After Clay Jannon loses his web design job to the ravages of the recession, he walks San Francisco’s streets in search of help wanted signs. He spies a 24-hour bookstore sign seeking HELP WANTED Late Shift ~ Specific Requirements ~ Good Benefits. Jannon says “Now; I was pretty sure “24-hour bookstore” was a euphemism for something. It was on Broadway, in a euphemistic part of town. . . the place next door was called Booty’s and it had a sign with neon legs that crossed and uncrossed.” Still, he walks into the store and finds “no bodices, ripped or otherwise. . . there was a stack of dusty Dashiell Hammetts on a low table. That was a good sign.” He meets Mr. Penumbra, the custodian of the place and tells him he’s looking for a job.
“Tell me,” Penumbra said, “about a book you love.”
Thus Jannon becomes the night clerk, the one who rolls a ladder down the floor, climbs it, and then leans to grasp the volumes requested by a small band of seekers who visit the store. The odd visitors “arrive with algorithmic regularity. They never browse. They come wide-awake, completely sober and vibrating with need.” They don’t purchase; they seek and check out volumes looking for pieces to the puzzle they’re trying to solve.
Jannon’s job description also requires that he log the appearance and manner of each person entering the store. Soon he decides to engage his tech-savvy friends in a complex analysis of the customers’ behavior and the volumes they borrow and thus to solve the mystery they all seek. They take their information to Mr. Penumbra and the merry band makes a pilgrimage to New York in pursuit of clues at the underground headquarters of the group overseeing Mr. Penumbra’s work.
Sloan imbues the novel with clever banter, just enough to keep the book light, as in his description of Jannon’s girlfriend upon their arrival: “Kat bought a New York Times but couldn’t figure out how to operate it, so now she’s fiddling with her phone.”
Occasionally the novel’s cleverness pulled me away from the storyline but my affection for Clay and Mr. Penumbra always drew me back to the fairy tale unfolding before my eyes.
This book takes Saint-Exupery’s “what is essential is invisible to the eye” and turns it slant for the 21st century. It’s a joyful exploration of friendship, life, and work done well that reminds us that the secrets of life are there if we’ll just bend a bit and lean toward them.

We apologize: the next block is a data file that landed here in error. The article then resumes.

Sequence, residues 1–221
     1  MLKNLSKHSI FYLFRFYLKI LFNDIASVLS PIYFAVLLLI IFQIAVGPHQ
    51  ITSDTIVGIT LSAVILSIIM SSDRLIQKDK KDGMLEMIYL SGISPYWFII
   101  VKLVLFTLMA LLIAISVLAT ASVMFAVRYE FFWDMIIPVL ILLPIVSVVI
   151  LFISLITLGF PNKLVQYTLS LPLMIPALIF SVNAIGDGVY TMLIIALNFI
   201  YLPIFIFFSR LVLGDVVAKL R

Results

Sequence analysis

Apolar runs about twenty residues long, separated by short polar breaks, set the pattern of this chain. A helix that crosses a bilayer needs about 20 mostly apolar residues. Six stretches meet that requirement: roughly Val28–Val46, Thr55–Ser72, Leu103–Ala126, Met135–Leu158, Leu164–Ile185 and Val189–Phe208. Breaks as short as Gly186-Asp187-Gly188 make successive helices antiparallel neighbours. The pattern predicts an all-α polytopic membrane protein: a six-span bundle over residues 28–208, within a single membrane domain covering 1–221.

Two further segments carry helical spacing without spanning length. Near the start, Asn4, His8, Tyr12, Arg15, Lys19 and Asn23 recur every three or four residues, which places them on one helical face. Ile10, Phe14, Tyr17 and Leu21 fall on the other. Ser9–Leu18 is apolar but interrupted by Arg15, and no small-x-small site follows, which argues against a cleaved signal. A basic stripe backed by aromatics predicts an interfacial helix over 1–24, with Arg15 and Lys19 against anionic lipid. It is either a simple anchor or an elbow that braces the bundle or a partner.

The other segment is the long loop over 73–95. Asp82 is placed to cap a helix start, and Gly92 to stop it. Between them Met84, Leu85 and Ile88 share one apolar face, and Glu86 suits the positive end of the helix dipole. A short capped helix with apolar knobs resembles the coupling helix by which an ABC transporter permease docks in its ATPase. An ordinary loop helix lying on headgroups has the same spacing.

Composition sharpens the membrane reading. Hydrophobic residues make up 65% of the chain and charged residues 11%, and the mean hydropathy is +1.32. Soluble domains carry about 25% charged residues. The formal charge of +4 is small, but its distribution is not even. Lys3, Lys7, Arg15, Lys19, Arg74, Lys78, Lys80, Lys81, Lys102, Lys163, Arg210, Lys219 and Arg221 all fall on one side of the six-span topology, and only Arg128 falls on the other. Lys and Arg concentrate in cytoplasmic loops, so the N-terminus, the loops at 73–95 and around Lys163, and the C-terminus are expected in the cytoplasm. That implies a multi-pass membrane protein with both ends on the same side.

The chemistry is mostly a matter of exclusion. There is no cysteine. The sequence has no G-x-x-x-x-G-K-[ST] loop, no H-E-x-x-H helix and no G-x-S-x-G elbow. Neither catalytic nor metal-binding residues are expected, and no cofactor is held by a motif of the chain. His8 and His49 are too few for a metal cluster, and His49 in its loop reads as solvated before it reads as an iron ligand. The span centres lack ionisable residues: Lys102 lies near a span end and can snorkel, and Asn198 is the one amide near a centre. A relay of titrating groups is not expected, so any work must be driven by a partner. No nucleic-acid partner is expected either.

Summing it Up: If you’re looking for something new and different, yet as familiar as the tattered copy of the first book you ever loved, then Robin Sloan’s blend of bookish secrets, early fonts, and advanced Google search engines will engage your imagination. Enigmatic Mr. Penumbra and hip, young Clay Jannon will find their way past your internet-challenged attention span and into your heart.
Footnote: Sloan knows that book buyers today want compelling reasons to purchase books in hardcover so Mr. Penumbra's 24-Hour Bookstore's cover glows in the dark.
Rating: 5 stars
Category: Fiction, Five Stars, Grandma’s Pot Roast, Dessert, Sushi, Book Club
Publication date: October 2, 2012
Author website: http://www.robinsloan.com/penumbra/
Reading Group Guide: http://media.us.macmillan.com/rggguides/9780374214913RGG.pdf
What Others are Saying:
I rarely quote an author in a review but Robin Sloan’s words say it all:
I wrote this book because it’s the one I wanted to read, and I tried to pack it full of the things I love: books and bookstores; design and typography; Silicon Valley and San Francisco; fantasy and science fiction; quests and projects. If you love these things too, I hope and believe you will enjoy a visit to the tall skinny bookstore next to the strip club.
The Economist: http://www.economist.com/node/21564531
New York Times: http://www.nytimes.com/2012/12/16/books/review/mr-penumbras-24-hour-bookstore-by-robin-sloan.html?_r=0
Los Angeles Times Interview: http://articles.latimes.com/2012/oct/17/news/la-jc-robin-sloan-mr-penumbras-24-hour-bookstore-20121017